Hailey Public Library takes a look at Annie Pike Greenwood | Arts and events


Hailey’s Public Library Reflects on Annie Pike Greenwood

Just east of Twin Falls and off of I-84 is an abandoned, crumbling old schoolhouse. Once upon a time, the building was named after legendary Idaho writer Annie Pike Greenwood. People came for Sunday school and civic meetings.

The surrounding farmland was known colloquially as Greenwood. It was part of the local tradition.

Joan Davies, the current owner of the property, who attended this school as a child, lives in Hailey. She was featured in Idaho Public TV producer Marcia Franklin’s documentary on Greenwood.

“One of my big hopes is that somehow making this documentary would also raise the profile of the school and the need to rehabilitate it,” Franklin said.

Franklin will speak about Greenwood’s life and founding work, “We Sagebrush Folks,” at a Zoom meeting hosted by the Hailey Public Library on November 4 at 5:30 pm. Library programs and engagement manager Kristin Fletcher helped bring Franklin from Boise.

“Annie Pike Greenwood’s story is remarkable,” said Fletcher. “She was a woman ahead of her time, writing with wit and honesty on social and political topics, including those which personally affected women in her community.”

Franklin stumbled across “We Sagebrush Folks” in the 1990s after it was reprinted in a paperback. She was captivated by the brutal tale of farm life in south-central Idaho in the early 20th century.

“She really captured the incredible loneliness that occurred in this generation of settlers in Idaho,” Franklin said.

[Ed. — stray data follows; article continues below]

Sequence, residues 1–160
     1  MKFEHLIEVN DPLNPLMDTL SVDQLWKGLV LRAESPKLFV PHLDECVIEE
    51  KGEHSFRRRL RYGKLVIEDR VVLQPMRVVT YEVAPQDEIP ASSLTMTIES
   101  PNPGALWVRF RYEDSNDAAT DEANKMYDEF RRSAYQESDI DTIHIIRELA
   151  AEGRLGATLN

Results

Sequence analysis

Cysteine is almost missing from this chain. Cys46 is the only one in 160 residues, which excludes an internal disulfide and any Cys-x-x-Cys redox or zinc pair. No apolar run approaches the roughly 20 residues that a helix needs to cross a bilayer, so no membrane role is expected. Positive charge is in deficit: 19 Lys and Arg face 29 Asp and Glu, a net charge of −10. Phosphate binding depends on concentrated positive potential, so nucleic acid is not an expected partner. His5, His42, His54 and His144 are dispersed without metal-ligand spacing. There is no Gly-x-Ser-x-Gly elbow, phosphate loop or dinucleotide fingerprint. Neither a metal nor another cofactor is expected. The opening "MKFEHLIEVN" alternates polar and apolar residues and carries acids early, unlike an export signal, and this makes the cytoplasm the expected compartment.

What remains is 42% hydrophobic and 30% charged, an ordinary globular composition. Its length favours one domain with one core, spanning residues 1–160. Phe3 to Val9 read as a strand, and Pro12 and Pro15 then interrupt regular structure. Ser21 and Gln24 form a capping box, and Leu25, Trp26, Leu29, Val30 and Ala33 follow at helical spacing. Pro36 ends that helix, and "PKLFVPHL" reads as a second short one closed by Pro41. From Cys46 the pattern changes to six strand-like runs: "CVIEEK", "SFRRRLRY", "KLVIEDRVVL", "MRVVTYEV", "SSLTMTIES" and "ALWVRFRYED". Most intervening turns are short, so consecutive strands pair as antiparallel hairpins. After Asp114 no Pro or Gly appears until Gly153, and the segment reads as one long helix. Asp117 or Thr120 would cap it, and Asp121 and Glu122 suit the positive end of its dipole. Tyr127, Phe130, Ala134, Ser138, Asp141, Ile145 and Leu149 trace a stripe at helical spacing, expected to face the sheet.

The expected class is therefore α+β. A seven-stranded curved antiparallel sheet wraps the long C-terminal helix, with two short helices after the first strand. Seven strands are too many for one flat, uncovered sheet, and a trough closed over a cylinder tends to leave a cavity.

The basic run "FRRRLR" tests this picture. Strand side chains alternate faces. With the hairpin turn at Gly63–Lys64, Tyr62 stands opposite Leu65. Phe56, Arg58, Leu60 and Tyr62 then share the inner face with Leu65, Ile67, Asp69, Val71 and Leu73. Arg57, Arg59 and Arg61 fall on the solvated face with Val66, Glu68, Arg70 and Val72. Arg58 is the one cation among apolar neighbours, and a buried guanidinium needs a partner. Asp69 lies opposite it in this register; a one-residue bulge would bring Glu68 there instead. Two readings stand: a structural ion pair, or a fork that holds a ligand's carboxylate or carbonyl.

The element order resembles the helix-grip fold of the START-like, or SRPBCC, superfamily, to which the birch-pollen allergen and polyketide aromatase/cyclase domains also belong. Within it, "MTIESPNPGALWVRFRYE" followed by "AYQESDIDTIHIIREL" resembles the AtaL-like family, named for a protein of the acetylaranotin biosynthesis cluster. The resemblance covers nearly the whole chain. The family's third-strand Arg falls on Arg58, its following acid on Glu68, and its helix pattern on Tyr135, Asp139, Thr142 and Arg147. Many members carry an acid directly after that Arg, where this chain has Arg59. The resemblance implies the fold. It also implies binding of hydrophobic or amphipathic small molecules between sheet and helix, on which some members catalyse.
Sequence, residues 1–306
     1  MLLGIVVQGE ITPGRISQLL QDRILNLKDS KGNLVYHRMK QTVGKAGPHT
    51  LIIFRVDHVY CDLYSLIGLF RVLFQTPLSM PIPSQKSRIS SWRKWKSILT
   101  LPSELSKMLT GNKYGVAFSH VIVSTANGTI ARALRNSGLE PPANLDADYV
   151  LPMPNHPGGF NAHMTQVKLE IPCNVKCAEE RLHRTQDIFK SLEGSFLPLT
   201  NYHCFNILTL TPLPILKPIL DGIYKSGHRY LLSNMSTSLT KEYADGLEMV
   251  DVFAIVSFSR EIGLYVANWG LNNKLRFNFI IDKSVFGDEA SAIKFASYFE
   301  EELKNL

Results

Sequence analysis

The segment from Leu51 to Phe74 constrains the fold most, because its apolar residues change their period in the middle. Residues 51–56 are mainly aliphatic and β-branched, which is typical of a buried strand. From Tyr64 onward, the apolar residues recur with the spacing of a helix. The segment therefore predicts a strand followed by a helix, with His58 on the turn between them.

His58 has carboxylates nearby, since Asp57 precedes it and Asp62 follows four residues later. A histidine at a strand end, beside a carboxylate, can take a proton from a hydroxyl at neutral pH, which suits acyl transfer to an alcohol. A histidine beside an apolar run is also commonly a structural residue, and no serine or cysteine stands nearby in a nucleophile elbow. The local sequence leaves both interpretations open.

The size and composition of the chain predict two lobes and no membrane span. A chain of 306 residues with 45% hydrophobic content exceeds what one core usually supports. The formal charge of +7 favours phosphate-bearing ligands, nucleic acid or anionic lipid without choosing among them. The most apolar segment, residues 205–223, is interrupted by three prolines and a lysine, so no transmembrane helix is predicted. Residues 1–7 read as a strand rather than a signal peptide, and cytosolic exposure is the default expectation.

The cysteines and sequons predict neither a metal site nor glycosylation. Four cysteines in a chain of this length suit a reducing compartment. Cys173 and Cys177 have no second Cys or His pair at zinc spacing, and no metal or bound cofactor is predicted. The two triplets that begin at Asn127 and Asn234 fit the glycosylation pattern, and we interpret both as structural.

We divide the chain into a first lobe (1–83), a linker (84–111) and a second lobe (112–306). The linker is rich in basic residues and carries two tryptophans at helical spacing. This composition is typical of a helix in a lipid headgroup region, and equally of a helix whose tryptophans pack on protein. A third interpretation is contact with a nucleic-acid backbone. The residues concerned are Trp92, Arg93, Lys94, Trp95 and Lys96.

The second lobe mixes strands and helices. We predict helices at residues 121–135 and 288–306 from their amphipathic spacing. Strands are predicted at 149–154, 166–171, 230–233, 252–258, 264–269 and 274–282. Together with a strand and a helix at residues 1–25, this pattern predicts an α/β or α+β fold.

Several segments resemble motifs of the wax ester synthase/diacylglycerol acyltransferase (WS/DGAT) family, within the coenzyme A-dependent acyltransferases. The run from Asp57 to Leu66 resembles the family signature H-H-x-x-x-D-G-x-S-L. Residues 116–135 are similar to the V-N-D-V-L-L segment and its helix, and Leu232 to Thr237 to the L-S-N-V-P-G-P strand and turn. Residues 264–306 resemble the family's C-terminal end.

Greenwood addressed topics considered taboo at the time, such as postpartum depression, abuse and child labor. It offered a rare glimpse of the times.

“These are stories that haven’t made it onto the history books,” Franklin said. “But that doesn’t mean these stories aren’t essential to our understanding of our history. It’s always relevant when we can make those other voices heard and give them their due.

Greenwood grew up in a relatively wealthy family. In Utah, she worked as a reporter for a newspaper until she fell in love with a man who wanted to move to Idaho.

“It wasn’t the first wave of settlers that arrived, the ones we always hear about,” Franklin said. “It was the generation of white settlers who were drawn to Idaho by the promise of irrigated land.”

“We Sagebrush Folks” has been out of print for years. Thanks to Franklin’s documentary, a Caldwell publisher will begin to redistribute copies.

“People will soon be able to buy ‘We Sagebrush Folks’ for the first time in a long time,” Franklin said.

Franklin started a relationship with Greenwood’s grandson. He showed her old manuscripts, correspondence and journals not yet given to the archives.

Additionally, after the documentary, several people did the work necessary to include the Old Greenwood School on the National Historic Register, designating it as an Important Place.

The HPL Book Club will also be hosting a discussion on “We Sagebrush Folks” on Tuesday, November 9 at 5:30 pm.

“The virtual discussion will explore this intimate record of a sharp mind and a mind sensitive to joys and sorrows, poverty and personalities who describe the author’s 15 years as a farmer on the last American frontier.” , said Fletcher. ??


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